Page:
S.No Identification data The real
Sir Roger Tichborne
The Tichborne claimant
(Arthur Orton)
1Weight under 9 stones (57 kg) 26 stones (165 kg)
2Facelong sallow faceround face
3Hairstraight dark hairfair wavy hair
4Tattootattoo present on the left armno such tattoo
5Educationcould speak French fluentlycould not speak French

             The court gave its decision on February 28, 1874. He was sentenced to 14 years of hard labor of which he served 10, after which he was released on parole. After coming out from jail, he sold his ‘confession’ to The People newspaper for £3,000. But he eventually died penniless on All Fool’s day (1 April) in 1898, just at the time when fingerprinting was beginning to gain its firm hold all over the world. Undoubtedly, had this case occurred a few years later, the Tichborne claimant could easily have been nabbed by the then newly developed science of fingerprinting.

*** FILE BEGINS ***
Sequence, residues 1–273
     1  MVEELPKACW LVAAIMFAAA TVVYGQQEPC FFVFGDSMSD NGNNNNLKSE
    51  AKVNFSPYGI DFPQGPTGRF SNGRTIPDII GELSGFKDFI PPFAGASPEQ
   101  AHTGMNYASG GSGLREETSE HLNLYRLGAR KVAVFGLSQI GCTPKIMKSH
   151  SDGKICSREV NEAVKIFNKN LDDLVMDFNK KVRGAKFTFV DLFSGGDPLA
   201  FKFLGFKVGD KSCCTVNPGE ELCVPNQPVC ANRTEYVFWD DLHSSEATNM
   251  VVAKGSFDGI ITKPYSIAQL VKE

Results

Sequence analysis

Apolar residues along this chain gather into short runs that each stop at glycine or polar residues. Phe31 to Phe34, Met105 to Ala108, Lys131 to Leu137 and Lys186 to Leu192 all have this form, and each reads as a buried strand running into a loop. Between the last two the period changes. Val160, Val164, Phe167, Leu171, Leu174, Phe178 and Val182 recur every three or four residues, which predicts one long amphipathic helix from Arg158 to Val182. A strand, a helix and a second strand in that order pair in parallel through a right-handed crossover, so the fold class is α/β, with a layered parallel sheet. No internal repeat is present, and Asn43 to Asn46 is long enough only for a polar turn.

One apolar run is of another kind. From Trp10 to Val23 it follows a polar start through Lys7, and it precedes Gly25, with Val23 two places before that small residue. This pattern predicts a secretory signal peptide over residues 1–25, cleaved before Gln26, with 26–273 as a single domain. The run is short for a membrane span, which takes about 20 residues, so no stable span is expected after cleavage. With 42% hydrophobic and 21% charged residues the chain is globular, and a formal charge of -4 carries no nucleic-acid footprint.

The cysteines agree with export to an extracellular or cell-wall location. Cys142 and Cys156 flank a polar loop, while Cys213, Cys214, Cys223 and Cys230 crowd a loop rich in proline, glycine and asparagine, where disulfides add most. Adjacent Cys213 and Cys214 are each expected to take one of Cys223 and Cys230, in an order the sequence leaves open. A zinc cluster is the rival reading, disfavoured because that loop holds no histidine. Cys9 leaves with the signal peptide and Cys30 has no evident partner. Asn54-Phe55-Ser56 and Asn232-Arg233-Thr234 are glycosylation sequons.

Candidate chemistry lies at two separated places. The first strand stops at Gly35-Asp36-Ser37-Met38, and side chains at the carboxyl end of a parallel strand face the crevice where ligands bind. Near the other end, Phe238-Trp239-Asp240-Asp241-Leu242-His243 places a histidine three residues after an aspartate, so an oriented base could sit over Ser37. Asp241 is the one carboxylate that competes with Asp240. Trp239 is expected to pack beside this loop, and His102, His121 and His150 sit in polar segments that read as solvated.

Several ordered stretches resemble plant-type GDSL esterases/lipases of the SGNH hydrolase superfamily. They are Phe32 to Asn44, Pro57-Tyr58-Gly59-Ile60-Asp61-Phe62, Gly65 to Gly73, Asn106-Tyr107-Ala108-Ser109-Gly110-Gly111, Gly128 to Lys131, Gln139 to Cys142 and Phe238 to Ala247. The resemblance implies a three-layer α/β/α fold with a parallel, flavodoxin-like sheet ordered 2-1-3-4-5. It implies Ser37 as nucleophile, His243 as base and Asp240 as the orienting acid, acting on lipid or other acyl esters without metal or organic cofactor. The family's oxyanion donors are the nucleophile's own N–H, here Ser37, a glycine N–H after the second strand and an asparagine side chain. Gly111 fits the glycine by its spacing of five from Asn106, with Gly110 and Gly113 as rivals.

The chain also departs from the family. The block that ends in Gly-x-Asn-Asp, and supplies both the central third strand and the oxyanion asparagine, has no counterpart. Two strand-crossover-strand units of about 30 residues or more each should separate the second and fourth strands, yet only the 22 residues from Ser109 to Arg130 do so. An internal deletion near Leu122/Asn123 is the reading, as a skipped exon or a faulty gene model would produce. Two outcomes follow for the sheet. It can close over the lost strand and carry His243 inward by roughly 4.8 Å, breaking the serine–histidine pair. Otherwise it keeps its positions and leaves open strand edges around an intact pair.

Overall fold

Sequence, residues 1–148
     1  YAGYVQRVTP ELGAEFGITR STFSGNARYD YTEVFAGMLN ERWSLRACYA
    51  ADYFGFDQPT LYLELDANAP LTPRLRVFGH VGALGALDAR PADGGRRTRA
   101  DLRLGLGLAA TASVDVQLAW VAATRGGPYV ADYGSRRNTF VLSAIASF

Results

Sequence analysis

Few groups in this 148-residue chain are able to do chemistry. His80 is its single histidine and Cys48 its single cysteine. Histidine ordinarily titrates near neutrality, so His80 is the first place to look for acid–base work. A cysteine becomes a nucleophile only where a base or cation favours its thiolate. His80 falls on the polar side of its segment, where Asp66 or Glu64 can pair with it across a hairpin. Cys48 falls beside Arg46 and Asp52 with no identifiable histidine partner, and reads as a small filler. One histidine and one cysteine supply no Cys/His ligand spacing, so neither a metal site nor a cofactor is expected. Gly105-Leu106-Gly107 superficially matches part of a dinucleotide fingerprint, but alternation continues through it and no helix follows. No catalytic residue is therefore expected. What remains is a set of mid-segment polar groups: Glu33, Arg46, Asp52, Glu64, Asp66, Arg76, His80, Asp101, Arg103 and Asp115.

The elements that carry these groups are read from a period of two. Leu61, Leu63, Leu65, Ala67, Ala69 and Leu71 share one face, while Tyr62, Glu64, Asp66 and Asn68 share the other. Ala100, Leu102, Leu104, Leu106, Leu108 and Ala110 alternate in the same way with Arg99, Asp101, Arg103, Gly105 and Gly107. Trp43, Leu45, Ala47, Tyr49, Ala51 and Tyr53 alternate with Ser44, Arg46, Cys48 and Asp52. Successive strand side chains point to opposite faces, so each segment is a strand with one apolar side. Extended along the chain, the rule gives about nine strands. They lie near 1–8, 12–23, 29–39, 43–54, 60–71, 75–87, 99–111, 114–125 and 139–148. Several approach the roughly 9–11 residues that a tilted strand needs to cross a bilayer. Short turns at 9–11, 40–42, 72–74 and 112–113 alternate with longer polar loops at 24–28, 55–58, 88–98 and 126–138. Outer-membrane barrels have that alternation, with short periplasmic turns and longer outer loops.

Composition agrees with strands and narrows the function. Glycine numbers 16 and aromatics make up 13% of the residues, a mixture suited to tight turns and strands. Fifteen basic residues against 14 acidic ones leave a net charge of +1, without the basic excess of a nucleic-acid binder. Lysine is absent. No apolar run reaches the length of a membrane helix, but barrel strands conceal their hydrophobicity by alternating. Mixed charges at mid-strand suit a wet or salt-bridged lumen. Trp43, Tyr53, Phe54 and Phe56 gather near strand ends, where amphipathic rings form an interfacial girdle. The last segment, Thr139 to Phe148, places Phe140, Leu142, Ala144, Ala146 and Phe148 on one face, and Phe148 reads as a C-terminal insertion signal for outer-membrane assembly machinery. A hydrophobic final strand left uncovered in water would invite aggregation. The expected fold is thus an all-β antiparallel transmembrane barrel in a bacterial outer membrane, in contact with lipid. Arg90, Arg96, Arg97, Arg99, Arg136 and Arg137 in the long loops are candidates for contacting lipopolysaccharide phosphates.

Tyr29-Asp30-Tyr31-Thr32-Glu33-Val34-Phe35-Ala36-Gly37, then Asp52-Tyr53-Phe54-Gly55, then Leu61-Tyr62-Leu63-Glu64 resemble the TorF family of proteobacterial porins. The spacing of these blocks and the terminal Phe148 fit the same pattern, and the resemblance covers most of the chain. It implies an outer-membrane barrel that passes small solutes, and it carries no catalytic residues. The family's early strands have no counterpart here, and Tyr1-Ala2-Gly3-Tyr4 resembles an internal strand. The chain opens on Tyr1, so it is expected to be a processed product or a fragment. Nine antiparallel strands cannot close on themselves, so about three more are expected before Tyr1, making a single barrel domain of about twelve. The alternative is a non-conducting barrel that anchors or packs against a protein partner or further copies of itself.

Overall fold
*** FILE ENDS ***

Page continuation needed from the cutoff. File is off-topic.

Bhowal Sanyasi Case